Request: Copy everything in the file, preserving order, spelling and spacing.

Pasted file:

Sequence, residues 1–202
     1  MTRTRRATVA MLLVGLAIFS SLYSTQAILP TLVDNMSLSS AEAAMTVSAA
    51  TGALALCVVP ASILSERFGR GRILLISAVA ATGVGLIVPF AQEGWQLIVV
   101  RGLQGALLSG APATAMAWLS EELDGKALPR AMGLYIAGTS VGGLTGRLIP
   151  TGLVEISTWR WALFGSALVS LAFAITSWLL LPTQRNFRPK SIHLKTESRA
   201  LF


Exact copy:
Sequence, residues 1–202
     1  MTRTRRATVA MLLVGLAIFS SLYSTQAILP TLVDNMSLSS AEAAMTVSAA
    51  TGALALCVVP ASILSERFGR GRILLISAVA ATGVGLIVPF AQEGWQLIVV
   101  RGLQGALLSG APATAMAWLS EELDGKALPR AMGLYIAGTS VGGLTGRLIP
   151  TGLVEISTWR WALFGSALVS LAFAITSWLL LPTQRNFRPK SIHLKTESRA
   201  LF